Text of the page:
One thing I bet the sony guy left out was "DVD camcorders suck for editing" The reason I say this is because Mpegs don't edit well, all that compression and recompression resulst in poor quilty, DVD camcorders are ment to go from camara to set top player. The guy was wrong you can upload video though USB, thats why it there, Firewire is always better, and make sure nothing is running in the back ground, virus scanners, firewall software, nothing running. If your concerned you can unhook your internet, I would advise doing that well editing anyway. Also make sure your HDD is defraged, Instead of reversing field order, upper to lower or lower to upper try Progressive (none). if worst comes to worst you can import your disc streight to your pc and reder it out to avi.

    Software Used:
    TGV Edius 6, TGV ProCoder 3, DVD Lab Pro. 2

  3. #3


    I have a similar problem regards MPGs from a Sony Camera ---> Adobe.

    It's a hard drive camera, which stores files as MPGs - these are then copied on to the computer. They play in all media players, must be a standard codec. But when I try and import it into my cousin's Premier Pro, it says that the file type is unsupported.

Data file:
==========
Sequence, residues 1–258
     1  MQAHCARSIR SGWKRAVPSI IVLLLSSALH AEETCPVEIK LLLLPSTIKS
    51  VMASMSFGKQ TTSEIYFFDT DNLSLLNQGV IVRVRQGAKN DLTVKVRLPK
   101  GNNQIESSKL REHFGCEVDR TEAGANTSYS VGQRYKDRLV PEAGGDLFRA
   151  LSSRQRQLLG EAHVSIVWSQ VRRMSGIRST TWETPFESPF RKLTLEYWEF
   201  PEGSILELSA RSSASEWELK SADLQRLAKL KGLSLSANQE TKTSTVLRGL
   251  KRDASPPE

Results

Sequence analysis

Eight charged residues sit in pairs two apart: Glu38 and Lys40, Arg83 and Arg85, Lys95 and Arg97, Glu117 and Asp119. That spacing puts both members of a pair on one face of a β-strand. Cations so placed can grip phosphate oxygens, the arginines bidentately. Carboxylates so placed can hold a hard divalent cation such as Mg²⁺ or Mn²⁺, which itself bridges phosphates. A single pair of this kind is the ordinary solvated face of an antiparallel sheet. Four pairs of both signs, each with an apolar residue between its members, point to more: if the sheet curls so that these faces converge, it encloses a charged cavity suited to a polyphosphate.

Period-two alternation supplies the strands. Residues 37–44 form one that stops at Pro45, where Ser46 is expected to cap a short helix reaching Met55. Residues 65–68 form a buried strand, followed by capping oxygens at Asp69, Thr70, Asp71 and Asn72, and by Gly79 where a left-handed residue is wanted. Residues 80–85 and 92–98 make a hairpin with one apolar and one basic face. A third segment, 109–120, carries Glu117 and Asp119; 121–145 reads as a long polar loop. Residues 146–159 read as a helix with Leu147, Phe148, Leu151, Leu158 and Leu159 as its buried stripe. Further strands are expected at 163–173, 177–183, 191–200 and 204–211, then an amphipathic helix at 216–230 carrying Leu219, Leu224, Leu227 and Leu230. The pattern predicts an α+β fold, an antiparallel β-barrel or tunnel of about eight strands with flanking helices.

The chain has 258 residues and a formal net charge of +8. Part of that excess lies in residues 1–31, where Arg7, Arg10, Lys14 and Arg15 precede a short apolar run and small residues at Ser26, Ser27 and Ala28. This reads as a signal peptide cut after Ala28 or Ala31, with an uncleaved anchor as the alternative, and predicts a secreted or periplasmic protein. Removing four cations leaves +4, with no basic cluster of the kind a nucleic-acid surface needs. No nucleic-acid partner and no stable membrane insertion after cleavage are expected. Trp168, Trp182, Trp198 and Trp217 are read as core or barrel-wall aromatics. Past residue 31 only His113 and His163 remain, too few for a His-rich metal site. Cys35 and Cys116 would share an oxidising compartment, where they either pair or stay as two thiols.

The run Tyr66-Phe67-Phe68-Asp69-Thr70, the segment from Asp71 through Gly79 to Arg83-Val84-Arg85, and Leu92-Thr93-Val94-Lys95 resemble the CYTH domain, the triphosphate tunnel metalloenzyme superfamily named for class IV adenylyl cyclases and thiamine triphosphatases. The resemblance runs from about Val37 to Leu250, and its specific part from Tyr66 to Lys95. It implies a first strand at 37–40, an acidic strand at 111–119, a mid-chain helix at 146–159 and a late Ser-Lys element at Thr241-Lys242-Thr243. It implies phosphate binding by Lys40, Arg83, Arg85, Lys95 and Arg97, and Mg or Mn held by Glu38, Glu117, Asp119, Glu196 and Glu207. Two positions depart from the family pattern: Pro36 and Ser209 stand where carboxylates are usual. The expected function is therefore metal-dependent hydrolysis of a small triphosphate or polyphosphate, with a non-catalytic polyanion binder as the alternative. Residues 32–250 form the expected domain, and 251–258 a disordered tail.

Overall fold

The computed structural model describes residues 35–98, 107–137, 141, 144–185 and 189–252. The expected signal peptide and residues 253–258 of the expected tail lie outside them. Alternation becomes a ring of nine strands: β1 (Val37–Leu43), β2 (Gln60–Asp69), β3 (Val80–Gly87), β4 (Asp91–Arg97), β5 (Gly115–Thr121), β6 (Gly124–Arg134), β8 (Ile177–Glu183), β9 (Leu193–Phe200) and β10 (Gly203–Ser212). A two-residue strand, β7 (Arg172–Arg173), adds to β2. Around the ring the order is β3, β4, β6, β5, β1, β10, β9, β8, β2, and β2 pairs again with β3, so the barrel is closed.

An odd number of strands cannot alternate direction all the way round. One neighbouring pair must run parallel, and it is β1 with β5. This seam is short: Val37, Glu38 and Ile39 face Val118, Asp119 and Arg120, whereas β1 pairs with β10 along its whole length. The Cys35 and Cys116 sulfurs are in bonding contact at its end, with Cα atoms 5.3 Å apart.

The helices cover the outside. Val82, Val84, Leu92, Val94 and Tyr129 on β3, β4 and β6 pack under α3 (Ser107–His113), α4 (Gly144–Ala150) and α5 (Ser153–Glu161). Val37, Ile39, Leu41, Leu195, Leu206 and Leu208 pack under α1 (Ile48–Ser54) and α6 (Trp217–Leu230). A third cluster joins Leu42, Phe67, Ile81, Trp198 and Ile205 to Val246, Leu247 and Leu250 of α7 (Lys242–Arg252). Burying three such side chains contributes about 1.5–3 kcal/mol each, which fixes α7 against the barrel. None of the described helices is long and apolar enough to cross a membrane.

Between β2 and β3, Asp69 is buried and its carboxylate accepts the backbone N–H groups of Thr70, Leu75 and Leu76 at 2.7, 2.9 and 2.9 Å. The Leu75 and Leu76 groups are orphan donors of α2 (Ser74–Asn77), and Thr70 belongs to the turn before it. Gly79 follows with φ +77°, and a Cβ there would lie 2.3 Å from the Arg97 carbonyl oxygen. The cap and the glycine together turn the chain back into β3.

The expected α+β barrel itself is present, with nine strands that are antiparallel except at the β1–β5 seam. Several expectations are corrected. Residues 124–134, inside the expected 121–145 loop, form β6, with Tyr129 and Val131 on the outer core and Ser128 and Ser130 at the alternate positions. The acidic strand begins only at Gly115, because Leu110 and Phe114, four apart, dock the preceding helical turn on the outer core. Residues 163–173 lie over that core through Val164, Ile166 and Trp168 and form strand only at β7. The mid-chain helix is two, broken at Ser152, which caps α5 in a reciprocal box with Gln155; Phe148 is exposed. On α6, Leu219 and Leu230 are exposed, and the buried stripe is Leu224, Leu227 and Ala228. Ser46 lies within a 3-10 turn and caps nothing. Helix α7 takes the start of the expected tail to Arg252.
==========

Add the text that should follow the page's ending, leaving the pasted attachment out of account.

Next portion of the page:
On the same computer as P.Pro, there are no problems playing the MPGs with WM/VLC/GOM players and there are no problems importing other files that I'm using for this project, such as AVIs that I've made from DV tape previously or other cutaways, even WMVs

    Things that I've tried -
    <> a new codec pack - no joy with Ace or K-Lite
    <> converting the files with Ultra MPEG converter, when I convert them into AVIs and try import, again Pro says that they are unsupported. If I convert them from MPGs to MPGs with this software, Pro tells me that the audio is an unsupported bitrate and refuses to import them.
    <> Reinstalling Premier Pro
    <> Analysing the files in G-spot to be sure that the relevant codec is installed

    Would any expert in P.Pro be able to shed any light on my problem, please?